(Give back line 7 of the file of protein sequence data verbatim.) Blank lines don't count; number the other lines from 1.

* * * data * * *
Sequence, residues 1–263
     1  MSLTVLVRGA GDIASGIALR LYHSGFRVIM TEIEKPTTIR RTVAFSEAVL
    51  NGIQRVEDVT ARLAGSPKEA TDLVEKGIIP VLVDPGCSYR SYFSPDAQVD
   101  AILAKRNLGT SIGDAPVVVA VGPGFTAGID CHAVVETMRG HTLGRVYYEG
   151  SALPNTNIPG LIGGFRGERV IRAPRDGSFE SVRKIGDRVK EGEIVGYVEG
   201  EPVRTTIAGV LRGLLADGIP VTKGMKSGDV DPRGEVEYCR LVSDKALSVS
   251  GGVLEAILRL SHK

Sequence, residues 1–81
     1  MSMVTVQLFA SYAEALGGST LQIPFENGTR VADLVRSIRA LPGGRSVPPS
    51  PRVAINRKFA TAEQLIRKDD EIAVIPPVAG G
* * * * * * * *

   251  GGVLEAILRL SHK